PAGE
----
To a Reader, Somewhere

by Michael Ferris

Your amplitude can frighten other folks:
you quest for meaning, like a fabled shore.
A handsome boy, salt-wet and rippled, stokes
the melancholy churning at your core.
You’re lonely in a crowd; when you’re alone
you know a harder, deeper kind of ache:
the longing for a heart cruel as your own,
to surge as one, as one to crest and break.
The prophets say the way to happiness
is turning from your savage, native Sun
and ebbing in the puddled shadows, just
as tide on chastened tide of men have done.
What’s happiness for them is not for you.
Rise up, then: you have wilder things to do.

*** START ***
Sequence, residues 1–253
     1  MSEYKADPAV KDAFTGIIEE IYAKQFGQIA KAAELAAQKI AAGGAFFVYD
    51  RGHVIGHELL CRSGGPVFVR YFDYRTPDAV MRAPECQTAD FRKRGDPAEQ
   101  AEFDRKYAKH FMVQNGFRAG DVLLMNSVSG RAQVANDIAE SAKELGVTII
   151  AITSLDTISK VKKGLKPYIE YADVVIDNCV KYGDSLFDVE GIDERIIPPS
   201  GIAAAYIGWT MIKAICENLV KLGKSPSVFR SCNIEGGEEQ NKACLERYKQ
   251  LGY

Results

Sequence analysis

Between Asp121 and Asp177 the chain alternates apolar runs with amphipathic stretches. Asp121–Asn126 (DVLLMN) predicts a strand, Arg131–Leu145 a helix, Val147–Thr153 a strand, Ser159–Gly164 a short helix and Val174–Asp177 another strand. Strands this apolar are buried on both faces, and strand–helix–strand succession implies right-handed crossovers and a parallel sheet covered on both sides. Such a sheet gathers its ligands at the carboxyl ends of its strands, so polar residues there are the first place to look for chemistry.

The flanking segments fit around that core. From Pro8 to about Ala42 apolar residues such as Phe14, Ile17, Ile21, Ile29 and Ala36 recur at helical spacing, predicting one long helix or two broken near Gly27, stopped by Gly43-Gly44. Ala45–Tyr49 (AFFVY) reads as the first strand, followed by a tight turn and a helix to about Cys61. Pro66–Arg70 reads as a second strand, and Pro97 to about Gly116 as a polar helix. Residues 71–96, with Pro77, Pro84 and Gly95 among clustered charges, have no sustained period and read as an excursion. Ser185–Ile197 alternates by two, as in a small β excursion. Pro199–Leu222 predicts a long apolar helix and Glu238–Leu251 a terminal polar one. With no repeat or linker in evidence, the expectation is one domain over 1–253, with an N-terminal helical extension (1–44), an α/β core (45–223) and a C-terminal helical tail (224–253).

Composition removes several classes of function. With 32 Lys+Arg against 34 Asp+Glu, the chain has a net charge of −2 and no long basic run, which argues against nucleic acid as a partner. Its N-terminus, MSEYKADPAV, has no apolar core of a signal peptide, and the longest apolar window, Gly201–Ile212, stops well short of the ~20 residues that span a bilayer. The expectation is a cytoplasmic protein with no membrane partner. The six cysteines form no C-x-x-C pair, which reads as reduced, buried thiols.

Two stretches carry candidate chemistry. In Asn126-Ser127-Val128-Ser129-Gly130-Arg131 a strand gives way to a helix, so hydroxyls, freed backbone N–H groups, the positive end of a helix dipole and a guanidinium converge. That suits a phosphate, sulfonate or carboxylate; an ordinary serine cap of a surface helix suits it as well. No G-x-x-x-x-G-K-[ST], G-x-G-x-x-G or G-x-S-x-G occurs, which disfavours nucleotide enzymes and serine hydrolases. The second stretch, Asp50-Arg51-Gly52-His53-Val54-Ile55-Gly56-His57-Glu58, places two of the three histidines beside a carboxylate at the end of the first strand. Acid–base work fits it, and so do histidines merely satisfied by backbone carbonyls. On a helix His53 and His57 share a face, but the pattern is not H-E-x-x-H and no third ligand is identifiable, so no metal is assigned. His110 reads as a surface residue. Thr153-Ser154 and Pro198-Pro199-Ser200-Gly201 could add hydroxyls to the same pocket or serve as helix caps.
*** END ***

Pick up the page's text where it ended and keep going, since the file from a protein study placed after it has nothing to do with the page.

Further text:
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Michael Ferris’s first true love was JS Bach. He has since had reckless affairs with Blaise Pascal, Ludwig Wittgenstein, Emily Dickinson and Robert Frost. He studied nothing of commercial value in college. He splits his time between Manhattan, where he renders unto Caesar, and Kingston, NY, where he confabulates with the hedgehogs and hummingbirds. He is grateful to have fallen on receptive ears recently at The Lyric, The Shit Creek Review, and Light Quarterly.

See links to all sonnets by this author

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Pat Jones
Published 2 January 2011